So where's "Megacorp Enterprises" in that play? First of all, Megacorp isn't an island. Every Megacorp depends on lots of SME suppliers and retailers (or their equivalents in the respective lingo of the verticals). Plugging all of them directly into Megacorp's "ESB" often isn't feasible for lots of reasons and increasingly less so if the SME had a second or third (imagine that!) customer and/or supplier. 

Second, Megacorp isn't a uniform big entity. The count of "enterprise applications" running inside of Megacorp is measured in thousands rather than dozens. We're often inclined to think of SAP or Siebel when we think of enterprise applications, but the vast majority are much simpler and more scoped than that. It's not entirely ridiculous to think that some of those applications runs (gasp!) under someone's desk or in a cabinet in an extra room of a department. And it's also not entirely ridiculous to think that these applications are so vertical and special that their integration into the "ESB" gets continuously overridden by someone else's higher priorities and yet, the respective business department needs a very practical way to connect with partners now and be "connectable" even though it sits deeply inside the network thicket of Megacorp. While it is likely on every CIO's goal sheet to contain that sort of IT anarchy, it's a reality that needs answers in order to keep the business bring in the money.

Third, Megacorp needs to work with Gigacorp. To make it interesting, let's assume that Megacorp and Gigacorp don't like each other much and trust each other even less. They even compete. Yet, they've got to work on a standard and hence they need to collaborate. It turns out that this scenario is almost entirely the same as the "Panic! Our departments take IT in their own hands!" scenario described above. At most, Megacorp wants to give Gigacorp a rendezvous and identity federation point on neutral ground. So instead of letting Gigacorp on their ESB, they both hook their apps and their identity infrastructures into the ISB and let the ISB be the mediator in that play.

Bottom line: There are very many solution scenarios, of which I mentioned just a few, where "I" is a much more suitable scope than "E". Sometimes the appropriate scope is just "I", sometimes the appropriate scope is just "E". They key to achieve the agility that SOA strategies commonly promise is the ability to do the "E to I" scale-up whenever you need it in order to enable broader communication. If you need to elevate one or a set services from your ESB to Internet scope, you have the option to go and do so as appropriate and integrated with your identity infrastructure. And since this all strictly WS-* standards based, your "E" might actually be "whatever you happen to run today". BizTalk Services is the "I".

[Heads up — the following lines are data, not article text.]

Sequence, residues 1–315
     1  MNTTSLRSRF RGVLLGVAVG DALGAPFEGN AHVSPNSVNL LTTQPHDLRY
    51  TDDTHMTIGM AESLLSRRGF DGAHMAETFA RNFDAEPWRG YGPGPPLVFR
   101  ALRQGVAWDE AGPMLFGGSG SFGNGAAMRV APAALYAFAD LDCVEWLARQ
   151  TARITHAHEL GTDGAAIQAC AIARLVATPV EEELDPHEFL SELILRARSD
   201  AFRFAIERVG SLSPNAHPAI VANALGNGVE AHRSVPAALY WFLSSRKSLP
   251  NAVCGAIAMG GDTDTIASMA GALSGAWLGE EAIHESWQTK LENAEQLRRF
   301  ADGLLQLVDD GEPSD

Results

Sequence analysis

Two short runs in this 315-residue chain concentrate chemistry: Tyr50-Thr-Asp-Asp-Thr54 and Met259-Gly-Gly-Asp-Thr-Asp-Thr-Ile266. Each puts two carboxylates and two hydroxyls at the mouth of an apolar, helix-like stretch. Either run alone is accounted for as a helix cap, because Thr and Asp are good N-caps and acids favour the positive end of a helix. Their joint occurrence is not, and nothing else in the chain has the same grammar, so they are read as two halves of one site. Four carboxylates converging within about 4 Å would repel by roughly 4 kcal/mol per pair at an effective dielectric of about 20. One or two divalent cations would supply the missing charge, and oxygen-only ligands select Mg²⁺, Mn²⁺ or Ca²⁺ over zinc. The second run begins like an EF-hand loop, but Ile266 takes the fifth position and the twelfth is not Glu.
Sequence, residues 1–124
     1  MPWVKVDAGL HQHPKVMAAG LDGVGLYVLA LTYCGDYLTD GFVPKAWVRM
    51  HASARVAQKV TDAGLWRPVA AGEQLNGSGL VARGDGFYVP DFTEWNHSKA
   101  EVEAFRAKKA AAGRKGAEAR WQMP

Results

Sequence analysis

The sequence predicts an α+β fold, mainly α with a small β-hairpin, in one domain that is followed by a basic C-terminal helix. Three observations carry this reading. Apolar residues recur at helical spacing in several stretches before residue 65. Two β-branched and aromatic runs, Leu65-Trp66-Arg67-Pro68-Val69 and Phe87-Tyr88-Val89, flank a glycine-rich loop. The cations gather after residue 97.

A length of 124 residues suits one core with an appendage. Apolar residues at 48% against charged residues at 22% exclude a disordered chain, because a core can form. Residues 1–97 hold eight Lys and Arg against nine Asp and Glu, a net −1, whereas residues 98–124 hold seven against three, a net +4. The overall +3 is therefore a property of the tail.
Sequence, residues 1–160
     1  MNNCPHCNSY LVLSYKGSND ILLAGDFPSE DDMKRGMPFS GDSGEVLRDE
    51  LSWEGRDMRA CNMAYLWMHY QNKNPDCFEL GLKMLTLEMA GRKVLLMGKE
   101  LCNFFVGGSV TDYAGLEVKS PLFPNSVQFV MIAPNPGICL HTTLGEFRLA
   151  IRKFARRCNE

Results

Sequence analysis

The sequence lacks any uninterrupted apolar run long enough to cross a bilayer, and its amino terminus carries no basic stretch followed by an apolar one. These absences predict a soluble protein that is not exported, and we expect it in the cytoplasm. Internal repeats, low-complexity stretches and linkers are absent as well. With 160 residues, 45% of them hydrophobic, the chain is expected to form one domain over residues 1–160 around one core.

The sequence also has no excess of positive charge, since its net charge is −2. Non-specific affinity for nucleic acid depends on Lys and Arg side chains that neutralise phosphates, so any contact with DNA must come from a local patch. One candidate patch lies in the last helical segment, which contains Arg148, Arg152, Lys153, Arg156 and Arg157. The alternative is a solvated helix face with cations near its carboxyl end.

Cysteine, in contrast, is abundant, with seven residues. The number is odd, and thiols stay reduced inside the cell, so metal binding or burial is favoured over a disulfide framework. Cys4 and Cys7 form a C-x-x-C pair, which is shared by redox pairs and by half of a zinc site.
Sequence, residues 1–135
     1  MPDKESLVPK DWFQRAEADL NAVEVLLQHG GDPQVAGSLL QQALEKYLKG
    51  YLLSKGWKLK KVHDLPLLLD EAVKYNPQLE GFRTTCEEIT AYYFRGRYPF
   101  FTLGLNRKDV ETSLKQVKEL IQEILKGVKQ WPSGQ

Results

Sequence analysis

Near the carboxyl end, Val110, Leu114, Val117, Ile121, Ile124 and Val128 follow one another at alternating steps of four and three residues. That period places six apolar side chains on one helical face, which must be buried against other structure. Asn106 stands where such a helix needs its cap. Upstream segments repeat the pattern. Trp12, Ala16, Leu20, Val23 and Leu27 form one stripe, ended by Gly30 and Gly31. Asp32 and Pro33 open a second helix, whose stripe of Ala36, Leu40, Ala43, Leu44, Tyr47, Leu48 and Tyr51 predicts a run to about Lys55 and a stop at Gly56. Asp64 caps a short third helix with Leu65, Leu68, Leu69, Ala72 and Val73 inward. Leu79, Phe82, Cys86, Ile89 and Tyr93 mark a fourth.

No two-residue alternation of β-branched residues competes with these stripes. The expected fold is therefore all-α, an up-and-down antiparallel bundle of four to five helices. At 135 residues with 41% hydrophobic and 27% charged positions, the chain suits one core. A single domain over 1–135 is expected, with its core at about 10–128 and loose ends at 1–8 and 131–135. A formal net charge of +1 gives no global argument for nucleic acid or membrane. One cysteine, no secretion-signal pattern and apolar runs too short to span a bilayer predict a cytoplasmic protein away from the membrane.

Or, in other words, this is a pretty big deal.

Categories: Architecture | SOA | IT Strategy | Microsoft | MSDN | BizTalk | WCF | Web Services

The request below has been handed to me by the BizTalk team here at Microsoft. If you have programmed in WCF, happen to be at or around the Microsoft Redmond campus at that time and want to help out, send an email until this Friday to uccoord at microsoft.com with the subject line "BizTalk Usability Study" to sign up:



Microsoft is conducting research on BizTalk Server, and are seeking Developers who have a working knowledge of this product and WCF.  If you are a current BizTalk Developer, with WCF experience, the team would like to invite you to participate in this research. 


Studies are currently being scheduled for Monday Oct 30 through Friday Nov 3, 2006 in Redmond, WA.  Each study will be scheduled at your convenience and will run approximately 2 hours.  This is a unique opportunity to provide feedback on the adapter creation process in BizTalk.  


Your input and participation is extremely valuable that helps ensure that your needs are met when interacting with BizTalk and WCF. If scheduled for a usability study, you will receive a retail software product selection for your time and feedback.  Some of the items include Office Pro and VisualStudio.NET


Categories: BizTalk | WCF